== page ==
Some time ago I decided that when the model railway mojo left me, as it does from time to time, I'd build some models of planes my late father flew while he was in the Fleet Air Arm between 1938 and 1948.  I've got his old flying log books and there are quite a lot of planes!  Anyway, I acquired three kits, a Tamiya Swordfish, an Airfix Seafire, and a Special Hobby Fairey Barracuda 2, all in 1/48 scale.

 

I decided that because I haven't built any plastic plane kits for an awfully long time I'd tackle them by complexity, starting with what I thought was likely to be the easiest.  That was the Seafire.  Airfix thoughtfully provided a range of decals for the model which happily included a set for the squadron and base my father was when he flew Seafires after the war.  The kit was good and went together well, though it would have been even easier had I had just a little bit more knowledge of the prototype.  Painted up, it looks very good though I'm currently debating whether to finish it off with a coat of Testors Dullcote - maybe not as I suspect that the plane would have had a sheen rather than be absolutely matt.

 

Next time my railway mojo desterted me (a few weeks ago) I decided to build the Barracuda, leaving the more complex (it's a biplane!) and more expensive Swordfish to last.  The Barracuda was neither an attractive plane, nor a loved one although it was fairly sturdy - I've got a photo of my father's plane with a great big hole in its wing after a sortie over Norway.  There's an old FAA song about the Barracuda:

 

Any old iron, any old iron,
Any, any, any old iron.
Down at Lee you get them free,
Built by Faireys for a crew of three.
Not much fun, no front gun,
An engine you can't rely on.
You know what you can do
With your Barracuda two.
Old iron, old iron.

 

There's a second verse that is even less complimentary, but unfortunately I can't make out all the words though it does include the line "bet your bottom dollar that you won't get out alive" (http://barracudaproject.co.uk/index.php?id=2)

 

The kit, sadly, is a bit of a pig.  Special Hobby is a Czech company and while it provides (I hope!) all the necessary parts, some of them require quite a bit of "adjustment" and carving to get them to fit properly.  My Milliput filler has also proved useful.  It's coming along, but compared to the Airfix model, or indeed a nice etched brass coach kit, it leaves a lot to be desired.

 

DT

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I agree that planes (or any non-railway) subject are a great way to get the mojo back, or just keep your modelling fresh. Personally I like the fact that these models can be regarded as self-contained projects, they're not like building a layout where there are dozens or hundreds of individual models needed to build the big picture. Once you've finished a plane, you can throw the box away, stand back and admire the model which you've seen from start to finish.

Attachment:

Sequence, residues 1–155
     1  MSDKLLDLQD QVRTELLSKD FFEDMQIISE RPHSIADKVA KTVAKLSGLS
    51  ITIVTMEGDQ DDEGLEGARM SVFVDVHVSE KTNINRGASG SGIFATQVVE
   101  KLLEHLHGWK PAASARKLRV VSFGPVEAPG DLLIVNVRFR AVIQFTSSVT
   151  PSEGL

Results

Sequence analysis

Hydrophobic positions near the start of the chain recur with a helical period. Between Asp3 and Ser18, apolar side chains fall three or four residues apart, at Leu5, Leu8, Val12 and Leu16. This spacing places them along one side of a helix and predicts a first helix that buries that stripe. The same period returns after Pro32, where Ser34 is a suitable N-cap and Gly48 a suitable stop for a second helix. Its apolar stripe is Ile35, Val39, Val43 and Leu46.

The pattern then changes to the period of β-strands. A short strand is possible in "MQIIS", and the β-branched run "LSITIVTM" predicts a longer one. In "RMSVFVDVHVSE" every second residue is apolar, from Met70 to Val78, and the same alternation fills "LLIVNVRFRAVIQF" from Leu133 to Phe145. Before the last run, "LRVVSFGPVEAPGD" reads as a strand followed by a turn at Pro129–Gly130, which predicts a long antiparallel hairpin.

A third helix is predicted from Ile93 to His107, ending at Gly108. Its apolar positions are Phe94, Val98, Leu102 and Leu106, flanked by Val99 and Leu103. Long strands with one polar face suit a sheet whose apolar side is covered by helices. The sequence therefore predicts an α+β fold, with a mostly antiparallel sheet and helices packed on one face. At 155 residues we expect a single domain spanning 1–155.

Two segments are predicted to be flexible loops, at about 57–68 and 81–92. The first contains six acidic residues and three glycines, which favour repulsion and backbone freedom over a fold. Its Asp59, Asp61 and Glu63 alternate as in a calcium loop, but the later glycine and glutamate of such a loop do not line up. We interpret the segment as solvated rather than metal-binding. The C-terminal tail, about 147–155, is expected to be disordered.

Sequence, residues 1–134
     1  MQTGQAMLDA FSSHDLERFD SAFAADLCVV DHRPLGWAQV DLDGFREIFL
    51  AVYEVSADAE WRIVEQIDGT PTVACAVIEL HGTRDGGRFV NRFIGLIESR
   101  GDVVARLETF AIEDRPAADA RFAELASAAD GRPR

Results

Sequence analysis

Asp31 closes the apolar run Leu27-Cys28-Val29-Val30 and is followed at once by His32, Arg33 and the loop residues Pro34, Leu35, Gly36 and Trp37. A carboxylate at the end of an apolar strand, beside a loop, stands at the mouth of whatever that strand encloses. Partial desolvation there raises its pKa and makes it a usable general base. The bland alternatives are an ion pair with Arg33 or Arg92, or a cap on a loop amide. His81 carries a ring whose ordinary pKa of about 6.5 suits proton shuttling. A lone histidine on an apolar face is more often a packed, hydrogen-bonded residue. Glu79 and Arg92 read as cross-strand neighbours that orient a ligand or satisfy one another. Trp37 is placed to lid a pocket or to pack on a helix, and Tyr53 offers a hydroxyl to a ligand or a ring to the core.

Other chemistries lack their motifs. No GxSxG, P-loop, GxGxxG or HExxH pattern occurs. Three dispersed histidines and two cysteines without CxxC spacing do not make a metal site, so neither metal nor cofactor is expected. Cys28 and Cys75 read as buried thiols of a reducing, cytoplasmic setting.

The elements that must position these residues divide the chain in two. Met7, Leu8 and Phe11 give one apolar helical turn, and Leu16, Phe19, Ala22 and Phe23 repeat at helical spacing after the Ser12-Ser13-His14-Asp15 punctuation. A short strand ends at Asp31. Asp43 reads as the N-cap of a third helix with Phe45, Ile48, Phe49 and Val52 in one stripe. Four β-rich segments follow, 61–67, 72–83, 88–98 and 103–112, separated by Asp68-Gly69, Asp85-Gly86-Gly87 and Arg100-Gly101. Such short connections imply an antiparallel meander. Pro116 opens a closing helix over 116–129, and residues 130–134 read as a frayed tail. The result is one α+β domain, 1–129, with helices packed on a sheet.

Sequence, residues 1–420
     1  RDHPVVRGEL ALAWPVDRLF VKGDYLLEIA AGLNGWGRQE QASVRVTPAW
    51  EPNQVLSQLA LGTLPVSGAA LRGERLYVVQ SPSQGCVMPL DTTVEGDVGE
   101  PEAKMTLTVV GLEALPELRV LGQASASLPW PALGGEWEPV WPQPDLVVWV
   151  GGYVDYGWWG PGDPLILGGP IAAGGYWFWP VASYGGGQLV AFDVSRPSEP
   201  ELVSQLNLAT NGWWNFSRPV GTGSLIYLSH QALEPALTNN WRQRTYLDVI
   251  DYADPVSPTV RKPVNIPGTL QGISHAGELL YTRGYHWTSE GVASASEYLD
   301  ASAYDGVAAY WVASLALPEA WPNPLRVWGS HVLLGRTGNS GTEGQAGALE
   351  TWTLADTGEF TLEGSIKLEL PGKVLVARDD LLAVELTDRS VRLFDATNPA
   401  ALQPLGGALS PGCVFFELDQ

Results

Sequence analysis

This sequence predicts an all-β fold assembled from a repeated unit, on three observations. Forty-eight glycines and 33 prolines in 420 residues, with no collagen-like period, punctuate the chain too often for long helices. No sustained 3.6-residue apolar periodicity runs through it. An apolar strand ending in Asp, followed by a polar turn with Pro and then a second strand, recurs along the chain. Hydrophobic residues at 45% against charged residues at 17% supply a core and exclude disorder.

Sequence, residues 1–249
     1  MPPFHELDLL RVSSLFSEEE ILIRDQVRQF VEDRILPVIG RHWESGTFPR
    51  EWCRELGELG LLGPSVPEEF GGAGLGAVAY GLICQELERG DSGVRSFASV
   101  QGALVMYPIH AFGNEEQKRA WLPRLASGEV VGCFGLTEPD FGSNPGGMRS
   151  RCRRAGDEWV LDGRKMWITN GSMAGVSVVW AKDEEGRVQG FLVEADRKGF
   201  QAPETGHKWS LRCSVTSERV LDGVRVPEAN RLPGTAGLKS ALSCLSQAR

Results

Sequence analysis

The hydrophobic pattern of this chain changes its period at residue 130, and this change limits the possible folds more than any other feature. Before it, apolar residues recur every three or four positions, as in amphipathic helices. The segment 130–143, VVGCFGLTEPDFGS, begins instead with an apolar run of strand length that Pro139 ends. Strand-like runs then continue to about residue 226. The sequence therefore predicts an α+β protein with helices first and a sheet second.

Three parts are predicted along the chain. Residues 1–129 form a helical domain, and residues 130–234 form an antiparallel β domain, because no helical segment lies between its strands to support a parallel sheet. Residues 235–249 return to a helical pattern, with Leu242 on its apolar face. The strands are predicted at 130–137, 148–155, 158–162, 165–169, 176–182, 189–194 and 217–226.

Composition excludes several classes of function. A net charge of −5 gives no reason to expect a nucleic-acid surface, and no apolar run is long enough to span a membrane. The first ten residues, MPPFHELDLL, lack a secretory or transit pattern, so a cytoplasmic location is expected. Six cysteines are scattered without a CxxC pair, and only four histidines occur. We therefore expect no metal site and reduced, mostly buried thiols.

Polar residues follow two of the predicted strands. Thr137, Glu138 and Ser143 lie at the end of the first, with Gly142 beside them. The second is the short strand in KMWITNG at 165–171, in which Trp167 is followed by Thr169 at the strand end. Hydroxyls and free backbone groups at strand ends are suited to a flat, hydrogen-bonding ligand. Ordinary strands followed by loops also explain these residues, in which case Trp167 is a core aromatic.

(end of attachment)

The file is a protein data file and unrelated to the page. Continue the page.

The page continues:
I personally fancy a Swordfish one day; I think I may have attempted a 1/72nd one during my "youth", but my default scale now is 1/48th and I wouldn't be likely to make quite such a hash of a biplane as I tended to do then. It must be nice to have a strong personal connection to the models, too.

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Guest CLARENCE

A selection made by me several years ago. All from scratch in 1/12 scale. I "worked" in the dolls house and miniatures field, specializing in horse-drawn vehicles to stand outside collectors dolls houses, or for street scenes.

 

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A Burton Gypsy van.

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Delivery Van

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A Bow-Top Gypsy Van

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A Gig

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Bread Delivery Van

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Hansom Cab

Edited by CLARENCE
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And a few more!

 

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Hearse (made for customer's window)

 

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Milk Float

 

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Horse-Drawn Bus

 

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Mail coach

 

 

Hope you like 'em!

David.

PS Actually I didn't make the horses!

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For some time, I've been fascinated by Theo Jansen's Strandbeests, I knew there were kits available, but they were either Japanese ones (with Japanese instructions) or American ones that had no UK agents or distributors, and the cost of carriage and possible customs duty was not inconsiderable.

A few days ago, I found the American one in stock at a UK company, and it arrived today!

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I won't be putting it together just yet, but will post up some pics when I do. In the meantime, if you don't know what a Strandbeest is, read, watch and learn :D

https://www.theguardian.com/science/grrlscientist/2012/mar/24/1

Bought a kit based on this posting, I could only find one from China at the price I wanted to pay) - took about an hour to build but great fun to watch.

 

Tony

Edited by anthony07